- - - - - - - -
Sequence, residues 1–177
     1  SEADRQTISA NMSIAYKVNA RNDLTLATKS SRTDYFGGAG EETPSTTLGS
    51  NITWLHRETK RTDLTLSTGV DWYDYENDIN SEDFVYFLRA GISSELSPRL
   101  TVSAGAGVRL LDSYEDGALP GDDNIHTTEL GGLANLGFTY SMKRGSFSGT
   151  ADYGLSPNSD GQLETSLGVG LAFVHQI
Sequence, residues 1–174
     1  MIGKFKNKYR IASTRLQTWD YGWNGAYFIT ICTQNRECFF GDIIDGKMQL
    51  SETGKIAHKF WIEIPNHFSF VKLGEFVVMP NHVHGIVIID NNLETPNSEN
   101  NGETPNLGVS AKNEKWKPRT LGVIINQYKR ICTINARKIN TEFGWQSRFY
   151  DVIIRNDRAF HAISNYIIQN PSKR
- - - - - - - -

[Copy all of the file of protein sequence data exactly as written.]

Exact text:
Sequence, residues 1–177
     1  SEADRQTISA NMSIAYKVNA RNDLTLATKS SRTDYFGGAG EETPSTTLGS
    51  NITWLHRETK RTDLTLSTGV DWYDYENDIN SEDFVYFLRA GISSELSPRL
   101  TVSAGAGVRL LDSYEDGALP GDDNIHTTEL GGLANLGFTY SMKRGSFSGT
   151  ADYGLSPNSD GQLETSLGVG LAFVHQI
Sequence, residues 1–174
     1  MIGKFKNKYR IASTRLQTWD YGWNGAYFIT ICTQNRECFF GDIIDGKMQL
    51  SETGKIAHKF WIEIPNHFSF VKLGEFVVMP NHVHGIVIID NNLETPNSEN
   101  NGETPNLGVS AKNEKWKPRT LGVIINQYKR ICTINARKIN TEFGWQSRFY
   151  DVIIRNDRAF HAISNYIIQN PSKR